Taming the Stagflationary Winds
Rising inflation and declining growth are more likely to be a part of the global economy’s upcoming journey than features of its destination. But how policymakers navigate this journey will have major implications for longer-term economic well-being, social cohesion, and financial stability.
CAMBRIDGE – A stream of recent data suggests that the global economy is showing signs of stagflation, that odd 1970s-style mixture of rising inflation and declining growth. Those who have noticed it – and there are still too few of them – fall into two broad camps. Some see the phenomenon as temporary, and quickly reversible. Others fear that it will lead to a renewed period of unsatisfactory growth, but this time with unsettlingly high inflation.
But a third scenario, which draws on both of these views, may well be the most plausible. Stagflationary winds are more likely to be a part of the global economy’s upcoming journey than a feature of its destination. But how policymakers navigate this journey will have major implications for longer-term economic well-being, social cohesion, and financial stability.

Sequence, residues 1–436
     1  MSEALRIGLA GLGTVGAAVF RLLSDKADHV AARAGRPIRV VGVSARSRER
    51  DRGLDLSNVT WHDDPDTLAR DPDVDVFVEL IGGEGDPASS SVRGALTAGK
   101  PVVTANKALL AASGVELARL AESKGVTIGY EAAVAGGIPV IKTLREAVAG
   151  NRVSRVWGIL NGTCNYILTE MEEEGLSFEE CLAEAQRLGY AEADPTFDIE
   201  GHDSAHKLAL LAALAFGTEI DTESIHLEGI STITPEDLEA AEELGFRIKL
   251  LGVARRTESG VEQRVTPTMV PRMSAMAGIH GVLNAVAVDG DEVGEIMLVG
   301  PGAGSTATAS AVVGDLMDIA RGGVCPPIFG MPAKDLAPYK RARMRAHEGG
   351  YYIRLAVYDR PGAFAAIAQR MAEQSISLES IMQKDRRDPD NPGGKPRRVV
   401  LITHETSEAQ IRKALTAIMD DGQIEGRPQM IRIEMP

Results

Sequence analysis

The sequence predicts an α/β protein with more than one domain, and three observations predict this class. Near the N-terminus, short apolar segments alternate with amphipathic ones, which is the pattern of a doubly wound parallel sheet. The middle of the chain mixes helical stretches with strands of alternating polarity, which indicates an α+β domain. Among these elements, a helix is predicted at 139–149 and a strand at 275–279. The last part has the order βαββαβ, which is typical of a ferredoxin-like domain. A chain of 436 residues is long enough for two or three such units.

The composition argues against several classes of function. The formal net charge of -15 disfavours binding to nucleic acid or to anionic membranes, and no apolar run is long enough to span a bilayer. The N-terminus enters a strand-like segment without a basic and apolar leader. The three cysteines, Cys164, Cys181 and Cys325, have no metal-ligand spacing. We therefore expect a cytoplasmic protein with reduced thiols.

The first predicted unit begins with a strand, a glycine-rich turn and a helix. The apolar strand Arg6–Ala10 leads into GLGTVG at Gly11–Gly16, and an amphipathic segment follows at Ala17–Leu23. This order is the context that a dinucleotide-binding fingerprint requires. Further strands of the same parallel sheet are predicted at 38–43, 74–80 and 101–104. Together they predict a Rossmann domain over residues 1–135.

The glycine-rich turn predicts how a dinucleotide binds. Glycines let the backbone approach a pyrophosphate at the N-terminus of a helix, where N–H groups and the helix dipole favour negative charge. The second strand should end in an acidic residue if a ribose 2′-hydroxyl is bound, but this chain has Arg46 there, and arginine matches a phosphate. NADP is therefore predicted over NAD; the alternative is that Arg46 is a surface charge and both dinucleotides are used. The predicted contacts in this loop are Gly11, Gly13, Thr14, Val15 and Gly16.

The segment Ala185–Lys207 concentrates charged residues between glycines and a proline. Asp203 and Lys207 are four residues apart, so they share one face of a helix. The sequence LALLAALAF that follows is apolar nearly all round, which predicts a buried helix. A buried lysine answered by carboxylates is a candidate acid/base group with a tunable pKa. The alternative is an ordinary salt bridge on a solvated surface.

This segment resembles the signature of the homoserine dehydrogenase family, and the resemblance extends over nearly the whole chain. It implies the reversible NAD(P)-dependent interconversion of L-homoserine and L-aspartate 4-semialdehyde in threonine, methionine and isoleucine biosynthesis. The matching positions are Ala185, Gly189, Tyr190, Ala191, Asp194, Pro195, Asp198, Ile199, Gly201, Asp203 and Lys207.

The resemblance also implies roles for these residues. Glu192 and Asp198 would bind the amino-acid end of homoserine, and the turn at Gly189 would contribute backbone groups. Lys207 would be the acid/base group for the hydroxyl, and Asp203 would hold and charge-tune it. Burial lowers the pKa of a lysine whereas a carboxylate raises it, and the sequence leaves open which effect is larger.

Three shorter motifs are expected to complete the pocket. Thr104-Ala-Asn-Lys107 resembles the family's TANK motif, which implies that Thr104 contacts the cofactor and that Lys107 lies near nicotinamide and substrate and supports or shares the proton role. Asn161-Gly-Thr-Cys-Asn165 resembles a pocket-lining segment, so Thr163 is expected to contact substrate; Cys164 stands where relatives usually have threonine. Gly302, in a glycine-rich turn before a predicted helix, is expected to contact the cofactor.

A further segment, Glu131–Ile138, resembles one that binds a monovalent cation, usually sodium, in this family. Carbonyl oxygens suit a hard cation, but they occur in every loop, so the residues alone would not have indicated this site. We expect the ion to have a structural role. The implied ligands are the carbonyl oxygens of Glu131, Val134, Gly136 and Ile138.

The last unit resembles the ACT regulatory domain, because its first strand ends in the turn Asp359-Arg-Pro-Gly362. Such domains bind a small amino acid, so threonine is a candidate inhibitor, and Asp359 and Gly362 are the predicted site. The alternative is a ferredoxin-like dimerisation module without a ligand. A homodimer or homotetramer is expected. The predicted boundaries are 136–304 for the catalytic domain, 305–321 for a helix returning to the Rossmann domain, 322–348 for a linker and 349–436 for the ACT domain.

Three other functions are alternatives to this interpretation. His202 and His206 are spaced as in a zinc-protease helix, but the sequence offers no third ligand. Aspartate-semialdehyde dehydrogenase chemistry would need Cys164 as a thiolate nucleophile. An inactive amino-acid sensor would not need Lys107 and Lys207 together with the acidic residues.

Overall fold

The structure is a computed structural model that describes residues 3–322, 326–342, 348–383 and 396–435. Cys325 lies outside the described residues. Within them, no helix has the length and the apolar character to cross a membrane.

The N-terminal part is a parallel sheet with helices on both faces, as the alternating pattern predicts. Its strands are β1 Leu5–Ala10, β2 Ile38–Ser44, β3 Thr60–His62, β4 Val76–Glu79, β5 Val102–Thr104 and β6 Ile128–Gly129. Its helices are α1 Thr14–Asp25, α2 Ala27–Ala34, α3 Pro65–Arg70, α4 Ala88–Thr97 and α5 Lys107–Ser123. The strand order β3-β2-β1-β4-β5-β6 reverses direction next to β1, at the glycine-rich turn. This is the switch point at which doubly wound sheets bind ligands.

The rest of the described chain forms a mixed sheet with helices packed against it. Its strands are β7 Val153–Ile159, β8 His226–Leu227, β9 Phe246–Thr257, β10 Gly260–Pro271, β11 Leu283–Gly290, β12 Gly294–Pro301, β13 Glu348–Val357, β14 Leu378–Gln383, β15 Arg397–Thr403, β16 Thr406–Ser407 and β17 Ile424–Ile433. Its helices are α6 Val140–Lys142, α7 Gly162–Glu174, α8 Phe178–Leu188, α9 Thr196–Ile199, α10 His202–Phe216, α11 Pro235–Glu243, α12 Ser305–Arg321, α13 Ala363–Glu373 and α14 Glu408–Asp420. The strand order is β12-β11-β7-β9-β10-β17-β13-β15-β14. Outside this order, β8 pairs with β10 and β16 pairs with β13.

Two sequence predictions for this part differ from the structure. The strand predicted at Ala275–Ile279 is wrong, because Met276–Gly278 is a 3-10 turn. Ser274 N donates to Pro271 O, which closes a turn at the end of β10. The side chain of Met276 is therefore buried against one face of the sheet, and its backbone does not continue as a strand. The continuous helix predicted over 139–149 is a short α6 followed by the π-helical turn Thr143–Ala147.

The much-needed global economic recovery has recently been losing steam as growth in its two major locomotives, China and the United States, has undershot consensus expectations. The more contagious Delta variant of the coronavirus has dampened spending in some sectors, such as leisure and transportation, while hampering production and shipments in others, particularly manufacturing. Labor shortages are becoming more widespread in a growing number of advanced economies. Add to that a shipping-container shortage and the ongoing reordering of supply chains, and it should come as no surprise that the headwinds to a strong and sustainable global recovery are being accompanied by higher and more persistent inflation.